I am quite sure the NAFTA will prove to be successful. The Prime Minister has been berated for the things that he has done. He has had the guts to do things that other governments were afraid to tackle. With regard to the GST, the opposition and the public at large consider it to be a new tax but it is a replacement for the manufacturers' sales tax of 13.5 per cent. As an example, Canadian Tire, which is a huge chain across the country, now says that 90 per cent or more of the goods sold in its stores are cheaper than when the manufacturers' sales tax was in effect. That is the fact. However that does not seem to sink in.
The other thing is that the GST is broadly based. It could have been more broadly based but we did not want to include food. The GST at 7 per cent is berated by the public but they do not seem to have any criticism of the 8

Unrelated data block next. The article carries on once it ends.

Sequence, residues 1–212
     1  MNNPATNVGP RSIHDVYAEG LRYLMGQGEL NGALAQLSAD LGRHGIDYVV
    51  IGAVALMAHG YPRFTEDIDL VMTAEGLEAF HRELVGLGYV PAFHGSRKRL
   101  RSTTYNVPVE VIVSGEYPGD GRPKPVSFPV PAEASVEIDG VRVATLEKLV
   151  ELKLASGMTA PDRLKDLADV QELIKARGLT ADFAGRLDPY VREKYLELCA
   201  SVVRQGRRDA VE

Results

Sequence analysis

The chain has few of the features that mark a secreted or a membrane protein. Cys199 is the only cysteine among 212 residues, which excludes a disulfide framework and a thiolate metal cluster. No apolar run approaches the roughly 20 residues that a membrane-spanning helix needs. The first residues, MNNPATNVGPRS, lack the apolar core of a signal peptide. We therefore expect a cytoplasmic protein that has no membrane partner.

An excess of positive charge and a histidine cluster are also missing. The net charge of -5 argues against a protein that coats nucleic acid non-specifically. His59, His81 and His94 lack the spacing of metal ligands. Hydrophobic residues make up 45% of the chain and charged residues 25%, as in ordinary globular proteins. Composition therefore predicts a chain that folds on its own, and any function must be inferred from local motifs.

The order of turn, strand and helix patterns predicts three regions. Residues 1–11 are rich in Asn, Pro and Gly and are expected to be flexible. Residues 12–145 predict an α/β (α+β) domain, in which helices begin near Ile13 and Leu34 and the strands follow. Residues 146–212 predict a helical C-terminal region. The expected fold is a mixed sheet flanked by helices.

per cent Ontario provincial sales tax. I am wondering if that is really fair. When one is in government one has to take the good with the bad.
All the time we hear our colleagues across the House talking about the free trade agreement and the NAFTA agreement, and the various items in it. They are scaring the Canadian people that water is going to be transported or diverted to the United States. That is absolutely incorrect. Water will be sold to the United States but it will be sold in bottles. It will be sold in bottles of mineral water, beer and wine. Surely no Canadian is going to say that that is the incorrect thing to do. We have to educate the public. I am telling the people in my riding, and we have lots of water there, water is not going to be diverted.